In spite of remaining geopolitical uncertainty, the world growth picture looks bright. The Organization for Economic Cooperation and Development (OECD) tracks the world’s major economies. Based on the first and second quarters of 2017, it appears that all 45 countries measured by the OECD are on track for growth—for the first time in over 10 years. Over 70% of the major economies are expected to accelerate their growth from last year, supported by low inflation worldwide and accommodating central banks (Exhibit B).
International Developed Markets
While geopolitical uncertainty still colors the domestic picture, international developed markets have gained some clarity. German Chancellor Angela Merkel comfortably won a fourth term in the last week of September, providing a sense of ease for investors in the Eurozone. She will face new challenges in forming a coalition, however, as the right-wing nationalist party gained a presence in parliament. In Norway, Conservative Party leader Erna Solberg was also re-elected as Prime Minister on a platform to cut taxes and drive economic growth. In Asia, Japanese Prime Minister Shinzo Abe also called a snap election scheduled for October 22. Should he win, Abe’s reelection would likely see Japan build upon economic reform efforts.
The MSCI EAFE Index, measuring international developed markets excluding the U.S. and Canada, continued its strong run, advancing 5.4% in the third quarter and 20% year to date. The performance across Europe and Asia was somewhat choppy in August, however. The amplifying aggression on the Korean Peninsula weighed on international equities, but dollar weakness helped prop up international stocks.
The MSCI European Monetary Union Index posted a 8.1% gain in the quarter and has so far added 26.8% year to date, while the MSCI Pacific Index logged a 3.9% gain in Q3, adding to its 15.4% advance so far in 2017.
The solid baseline of economic strength should continue to bolster international developed equities. The European Central Bank (ECB) will continue its balancing act to foster further growth without inflation. As long as the ECB does not prematurely wind back its bond-buying program, the outlook for the Eurozone remains positive. Germany is very optimistic about the future of its business conditions. And most investors anticipate that any potential deterioration in future indicators will be recognized, allowing time to adjust exposures as necessary.
Emerging market (EM) stocks in the third quarter continued to build upon strong gains from the first half of the year, bolstered by a weaker dollar, which has provided a tailwind for commodity-producing nations. The MSCI Emerging Markets Index added another 7.9% over the past three months and has gained 27.8% year to date. The broader EM index has also benefited from global investors’ ongoing search for yield.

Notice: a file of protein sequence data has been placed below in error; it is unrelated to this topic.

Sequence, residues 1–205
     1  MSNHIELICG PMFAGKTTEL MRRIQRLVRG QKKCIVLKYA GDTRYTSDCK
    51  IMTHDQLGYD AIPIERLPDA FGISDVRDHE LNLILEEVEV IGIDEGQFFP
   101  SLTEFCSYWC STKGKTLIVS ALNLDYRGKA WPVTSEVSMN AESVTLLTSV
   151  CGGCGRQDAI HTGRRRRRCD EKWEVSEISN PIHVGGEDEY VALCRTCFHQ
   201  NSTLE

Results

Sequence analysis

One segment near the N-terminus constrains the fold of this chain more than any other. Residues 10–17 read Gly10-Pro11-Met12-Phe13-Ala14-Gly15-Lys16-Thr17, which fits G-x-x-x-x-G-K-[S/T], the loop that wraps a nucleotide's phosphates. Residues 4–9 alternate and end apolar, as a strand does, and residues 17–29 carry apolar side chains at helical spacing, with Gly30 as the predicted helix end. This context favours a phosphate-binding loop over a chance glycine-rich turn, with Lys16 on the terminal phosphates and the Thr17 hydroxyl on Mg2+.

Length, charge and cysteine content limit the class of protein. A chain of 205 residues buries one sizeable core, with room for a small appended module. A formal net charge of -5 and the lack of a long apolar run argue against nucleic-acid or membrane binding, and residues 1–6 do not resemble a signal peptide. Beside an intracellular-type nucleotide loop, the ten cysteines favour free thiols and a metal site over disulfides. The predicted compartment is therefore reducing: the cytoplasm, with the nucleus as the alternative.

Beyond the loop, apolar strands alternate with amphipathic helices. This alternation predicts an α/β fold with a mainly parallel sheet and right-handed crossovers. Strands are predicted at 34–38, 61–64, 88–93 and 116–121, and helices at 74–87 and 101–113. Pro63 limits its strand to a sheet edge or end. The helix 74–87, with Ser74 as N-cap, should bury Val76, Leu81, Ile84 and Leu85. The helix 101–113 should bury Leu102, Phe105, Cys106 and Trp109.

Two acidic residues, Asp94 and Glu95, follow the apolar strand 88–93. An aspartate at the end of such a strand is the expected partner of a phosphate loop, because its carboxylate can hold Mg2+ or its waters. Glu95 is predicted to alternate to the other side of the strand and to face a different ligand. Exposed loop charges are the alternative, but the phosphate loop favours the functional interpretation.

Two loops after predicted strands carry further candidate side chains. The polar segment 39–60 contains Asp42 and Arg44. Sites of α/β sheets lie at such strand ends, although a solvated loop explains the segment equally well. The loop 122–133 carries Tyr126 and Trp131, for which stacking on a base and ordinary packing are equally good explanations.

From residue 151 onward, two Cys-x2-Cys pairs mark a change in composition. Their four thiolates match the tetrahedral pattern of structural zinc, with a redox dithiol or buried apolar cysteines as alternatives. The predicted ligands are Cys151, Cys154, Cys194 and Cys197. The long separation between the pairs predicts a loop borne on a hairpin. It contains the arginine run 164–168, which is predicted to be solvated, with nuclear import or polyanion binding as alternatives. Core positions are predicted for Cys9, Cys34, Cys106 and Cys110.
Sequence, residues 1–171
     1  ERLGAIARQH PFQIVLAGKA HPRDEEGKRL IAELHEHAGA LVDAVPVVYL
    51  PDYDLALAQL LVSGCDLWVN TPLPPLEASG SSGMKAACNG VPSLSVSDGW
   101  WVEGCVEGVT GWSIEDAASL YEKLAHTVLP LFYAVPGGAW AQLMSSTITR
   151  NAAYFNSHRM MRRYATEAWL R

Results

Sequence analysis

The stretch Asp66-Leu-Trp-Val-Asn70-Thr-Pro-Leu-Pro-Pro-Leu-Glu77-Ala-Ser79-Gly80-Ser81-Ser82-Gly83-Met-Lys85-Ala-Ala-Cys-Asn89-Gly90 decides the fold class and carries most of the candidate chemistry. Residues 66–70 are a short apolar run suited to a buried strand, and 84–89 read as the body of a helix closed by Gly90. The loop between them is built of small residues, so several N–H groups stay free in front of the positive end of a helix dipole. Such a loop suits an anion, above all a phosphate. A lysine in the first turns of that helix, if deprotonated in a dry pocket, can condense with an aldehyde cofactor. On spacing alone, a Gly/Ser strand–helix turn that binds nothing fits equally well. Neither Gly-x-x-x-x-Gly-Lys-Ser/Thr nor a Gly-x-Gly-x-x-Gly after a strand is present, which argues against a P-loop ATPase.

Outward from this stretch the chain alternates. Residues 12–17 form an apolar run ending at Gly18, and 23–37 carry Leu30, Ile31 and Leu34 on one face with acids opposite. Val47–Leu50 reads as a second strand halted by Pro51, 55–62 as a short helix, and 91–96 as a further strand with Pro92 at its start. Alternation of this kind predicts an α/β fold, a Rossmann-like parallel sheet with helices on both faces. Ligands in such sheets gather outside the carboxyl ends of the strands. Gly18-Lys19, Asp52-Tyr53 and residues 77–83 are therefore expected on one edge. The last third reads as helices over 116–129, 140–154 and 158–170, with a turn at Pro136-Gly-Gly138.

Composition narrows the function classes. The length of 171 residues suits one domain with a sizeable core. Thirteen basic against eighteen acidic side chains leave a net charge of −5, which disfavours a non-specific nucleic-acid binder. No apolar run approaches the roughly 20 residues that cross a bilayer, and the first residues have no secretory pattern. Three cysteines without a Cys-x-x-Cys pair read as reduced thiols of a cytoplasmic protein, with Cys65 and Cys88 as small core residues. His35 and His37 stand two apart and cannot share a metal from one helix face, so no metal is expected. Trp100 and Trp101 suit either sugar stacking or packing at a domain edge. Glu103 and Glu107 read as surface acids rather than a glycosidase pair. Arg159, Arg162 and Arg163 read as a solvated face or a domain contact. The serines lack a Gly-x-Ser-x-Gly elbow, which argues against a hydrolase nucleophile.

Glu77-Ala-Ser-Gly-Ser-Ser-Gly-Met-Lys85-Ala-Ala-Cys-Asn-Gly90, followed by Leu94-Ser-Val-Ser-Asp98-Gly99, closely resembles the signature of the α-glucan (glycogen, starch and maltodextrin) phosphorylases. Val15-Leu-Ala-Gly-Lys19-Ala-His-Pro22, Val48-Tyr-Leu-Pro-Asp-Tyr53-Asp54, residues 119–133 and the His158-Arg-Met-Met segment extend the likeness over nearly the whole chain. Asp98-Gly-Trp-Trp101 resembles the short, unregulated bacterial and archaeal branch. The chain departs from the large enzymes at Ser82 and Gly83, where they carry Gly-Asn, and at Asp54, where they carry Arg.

South Korean stocks experienced some volatility in the third quarter, which was unsurprising, given the escalating tensions in the North. However, strong fundamentals drove investor interest and the Korean market even managed to build slightly on gains from earlier in the year. Among the laggards, Greek stocks suffered losses in the third quarter on unemployment concerns and other lingering economic worries.
Once a commodity-driven asset class, EM stocks today increasingly reflect strengthening domestic consumers and growth from technology companies. Tech stocks have led the price rally and remain undervalued. We expect the asset class to show continued growth through the end of the year. However, it is important to look at the fundamentals by country as they can vary considerably.
The weakening dollar has become a theme across the investment landscape. As discussed in our Q3 market commentary, the three factors that could support a stronger dollar include the success or failure of the administration’s policy agenda, the potential for higher interest rates, and the health of the U.S. consumer market.
As a result, the dollar remains under considerable pressure, since hope for Trump’s policy changes has subsided. The lack of momentum, combined with low interest rates, has kept the dollar at low levels versus the euro. However, there is evidence to suggest the dollar has reached such a deep discount that it is bound to regain some of its strength in the fourth quarter. This recovery would certainly be bolstered by a possible interest rate hike from the Fed, as higher rates attract more buyers and would drive the dollar higher. Also, in the last week of September, the GOP unveiled its proposal for tax reform, which could add further support.
When the year began amid the extended Trump rally, it appeared that a transition was underway in which fiscal policy would drive the markets, while monetary policy receded to the background amid rising interest rates. Since the policy changes have not yet materialized, we expect the markets to remain largely driven by fundamental earnings growth and central bank policies. Exhibit C summarizes our outlook by asset class.
The opinions expressed in this article are as of the date issued and subject to change at any time. Nothing contained herein is intended to constitute investment, legal, tax or accounting advice, and clients should discuss any proposed arrangement or transaction with their investment, legal or tax advisers.